Congloms' caution may stifle rebound, creativity

Producers adjust to changing landscape | Facts on Pacts 2010 | Media congloms: once burned, twice shy

Faced with dire portents of continued recession, the major entertainment companies are signaling further belt-tightening for 2011. Some leaders of Hollywood’s creative community wonder, however, whether they’re being caught up in a complex corporate chess game.

“The squeeze on talent deals is tightening and development seems to be disappearing,” observes the chief of one talent agency, who pleads anonymity. “Consumers are more and more cautious. The lure of 3D is not panning out,” says DreamWorks Animation’s Jeffrey Katzenberg. Says one corporate CEO: “The film industry overall is not reinventing itself creatively as it has done in the past.”

Since Hollywood has tended to be recession-proof, bearish comments such as these cause a stir, especially since corporate profits are strong, box office is vibrant and television is experiencing an upturn in advertising revenues. These numbers reflect the overall economy: Operating earnings of the companies in the Standard & Poor’s 500 increased 38.4% in the second quarter even as job growth has flatlined.

To complicate things, some economists are now offering fresh evidence that, as a new Milken Institute study puts it, the indicators call for “modest and sustainable growth” in the resilient economy.

Given these cross-trends, there’s a growing suspicion that the downturn is being fueled as much by an excess of corporate caution rather than consumer caution. Across the economy, big U.S. corporations outside the financial sector itself are sitting on a huge hoard totaling $2 trillion, according to FactSet — a stash signaling a determination to tread water rather than to grow.

What explains this corporate wariness?

In the entertainment industry, while the TV economy (especially the off-network side) has shown a robust recovery, film mavens have seemed slow to recover from a series of shockwaves, such as the decline of DVD revenues. “We’ve all been spoiled,” says one CEO. “For three decades one new revenue stream after another has kicked in, (but) suddenly we’ve run out quick fixes.”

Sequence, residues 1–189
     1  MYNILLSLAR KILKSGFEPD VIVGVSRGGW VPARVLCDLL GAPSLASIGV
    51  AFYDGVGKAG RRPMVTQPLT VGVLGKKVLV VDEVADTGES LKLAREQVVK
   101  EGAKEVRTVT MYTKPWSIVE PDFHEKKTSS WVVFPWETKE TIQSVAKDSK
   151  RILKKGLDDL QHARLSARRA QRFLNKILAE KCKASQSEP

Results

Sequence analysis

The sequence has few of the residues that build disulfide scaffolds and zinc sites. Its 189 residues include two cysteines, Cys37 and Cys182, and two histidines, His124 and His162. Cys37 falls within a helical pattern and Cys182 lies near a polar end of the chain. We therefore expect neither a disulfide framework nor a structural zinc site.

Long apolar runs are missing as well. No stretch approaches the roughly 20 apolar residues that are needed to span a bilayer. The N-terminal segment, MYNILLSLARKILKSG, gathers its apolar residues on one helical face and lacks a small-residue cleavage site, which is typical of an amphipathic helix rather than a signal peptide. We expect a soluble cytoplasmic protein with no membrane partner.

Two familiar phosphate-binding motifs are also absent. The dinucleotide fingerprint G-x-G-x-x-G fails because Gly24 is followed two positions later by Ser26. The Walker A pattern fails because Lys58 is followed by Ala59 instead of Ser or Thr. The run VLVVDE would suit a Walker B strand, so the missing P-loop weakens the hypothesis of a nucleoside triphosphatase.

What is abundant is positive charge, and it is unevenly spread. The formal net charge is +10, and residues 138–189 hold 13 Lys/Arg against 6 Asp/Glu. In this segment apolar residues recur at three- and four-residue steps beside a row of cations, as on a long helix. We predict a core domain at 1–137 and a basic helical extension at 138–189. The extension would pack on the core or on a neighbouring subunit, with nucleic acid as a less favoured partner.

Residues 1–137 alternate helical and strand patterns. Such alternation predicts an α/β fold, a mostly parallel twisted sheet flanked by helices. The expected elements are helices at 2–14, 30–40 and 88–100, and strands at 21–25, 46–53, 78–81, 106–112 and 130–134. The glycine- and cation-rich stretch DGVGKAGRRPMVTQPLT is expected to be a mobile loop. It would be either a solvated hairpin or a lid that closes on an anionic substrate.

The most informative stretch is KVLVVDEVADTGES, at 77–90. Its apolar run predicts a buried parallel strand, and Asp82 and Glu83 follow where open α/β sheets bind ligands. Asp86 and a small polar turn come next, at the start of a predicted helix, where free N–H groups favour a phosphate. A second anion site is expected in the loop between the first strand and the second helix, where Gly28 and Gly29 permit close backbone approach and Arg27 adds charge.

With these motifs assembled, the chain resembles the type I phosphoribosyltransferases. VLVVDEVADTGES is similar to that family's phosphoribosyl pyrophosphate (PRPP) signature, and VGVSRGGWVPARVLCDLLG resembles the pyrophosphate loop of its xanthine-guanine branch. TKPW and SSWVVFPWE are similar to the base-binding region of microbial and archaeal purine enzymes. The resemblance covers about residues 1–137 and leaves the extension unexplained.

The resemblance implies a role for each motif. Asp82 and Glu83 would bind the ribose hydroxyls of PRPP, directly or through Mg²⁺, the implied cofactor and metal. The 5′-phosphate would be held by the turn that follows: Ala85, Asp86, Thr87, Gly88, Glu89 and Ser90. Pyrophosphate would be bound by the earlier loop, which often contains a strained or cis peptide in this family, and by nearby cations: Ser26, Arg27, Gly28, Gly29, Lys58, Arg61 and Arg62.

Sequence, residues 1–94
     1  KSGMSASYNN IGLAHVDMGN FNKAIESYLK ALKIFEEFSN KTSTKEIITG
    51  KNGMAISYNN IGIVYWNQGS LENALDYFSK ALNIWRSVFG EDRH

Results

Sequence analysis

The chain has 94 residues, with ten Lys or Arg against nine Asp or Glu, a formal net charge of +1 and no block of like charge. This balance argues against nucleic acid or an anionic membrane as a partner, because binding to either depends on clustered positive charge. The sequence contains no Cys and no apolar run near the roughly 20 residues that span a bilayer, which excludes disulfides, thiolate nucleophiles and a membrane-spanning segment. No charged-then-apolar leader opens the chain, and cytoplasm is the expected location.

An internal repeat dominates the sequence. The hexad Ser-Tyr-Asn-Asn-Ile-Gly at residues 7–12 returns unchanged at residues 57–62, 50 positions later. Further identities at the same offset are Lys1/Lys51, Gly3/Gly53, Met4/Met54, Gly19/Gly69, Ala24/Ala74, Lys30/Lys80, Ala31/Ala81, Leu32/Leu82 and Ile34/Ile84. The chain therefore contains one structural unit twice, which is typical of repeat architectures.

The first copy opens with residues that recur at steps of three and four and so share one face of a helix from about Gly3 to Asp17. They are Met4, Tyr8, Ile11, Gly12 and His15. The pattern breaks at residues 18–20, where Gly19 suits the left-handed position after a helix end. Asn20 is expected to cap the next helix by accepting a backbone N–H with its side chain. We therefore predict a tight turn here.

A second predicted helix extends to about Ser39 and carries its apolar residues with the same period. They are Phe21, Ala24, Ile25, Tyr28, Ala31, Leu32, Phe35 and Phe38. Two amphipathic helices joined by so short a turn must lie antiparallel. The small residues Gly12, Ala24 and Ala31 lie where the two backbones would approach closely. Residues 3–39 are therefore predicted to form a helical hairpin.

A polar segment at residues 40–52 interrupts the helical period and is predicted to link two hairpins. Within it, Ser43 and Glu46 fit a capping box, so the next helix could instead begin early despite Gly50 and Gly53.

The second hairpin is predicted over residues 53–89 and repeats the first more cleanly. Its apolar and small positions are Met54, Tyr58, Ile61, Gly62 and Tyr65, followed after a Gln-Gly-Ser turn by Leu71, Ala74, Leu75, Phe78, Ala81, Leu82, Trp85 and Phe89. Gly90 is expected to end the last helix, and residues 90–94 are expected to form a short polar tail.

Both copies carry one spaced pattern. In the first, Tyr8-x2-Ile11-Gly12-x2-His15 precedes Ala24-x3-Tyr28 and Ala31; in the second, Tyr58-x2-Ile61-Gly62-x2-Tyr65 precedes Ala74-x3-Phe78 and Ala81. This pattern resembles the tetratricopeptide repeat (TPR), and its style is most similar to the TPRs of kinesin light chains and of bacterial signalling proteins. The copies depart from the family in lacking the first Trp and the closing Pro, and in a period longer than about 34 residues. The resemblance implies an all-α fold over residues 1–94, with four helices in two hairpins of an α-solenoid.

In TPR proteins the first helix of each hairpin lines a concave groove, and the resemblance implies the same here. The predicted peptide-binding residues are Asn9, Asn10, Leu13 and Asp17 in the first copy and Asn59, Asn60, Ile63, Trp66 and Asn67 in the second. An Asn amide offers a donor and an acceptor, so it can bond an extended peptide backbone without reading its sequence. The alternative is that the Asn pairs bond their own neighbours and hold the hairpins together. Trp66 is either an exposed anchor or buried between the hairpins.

The upshot: a continued reduction in film production and tougher dealmaking. Only a small handful of superstars now command $20 million paydays compared with a dozen a few years back. Consequently, while automobile and consumer products companies (like Procter & Gamble) have increased their ad spending lately, entertainment companies have cut ad budgets by 7.5% in the first half of 2010 alone, according to Kantar Media, which tracks ad spending across TV, print, radio, outdoor and online.

Industry CEOs admit they’re sending out mixed signals. Next summer, Hollywood will send forth a skimpy supply of product but a record slate of tentpoles — new iterations of “Pirates of the Caribbean,” “Transformers,” and even a new “Hangover.” But Warner Bros.’ “Harry Potter” gold mine will finally exhaust itself and efforts to trigger new franchises, have proven unpredictable. New properties such as “Watchmen” and “Jonah Hex” fizzled. Significantly, Hollywood’s fusillade of blockbusters this summer tallied $4.22 billion in box office domestically, but actual attendance hit its lowest point since 2007.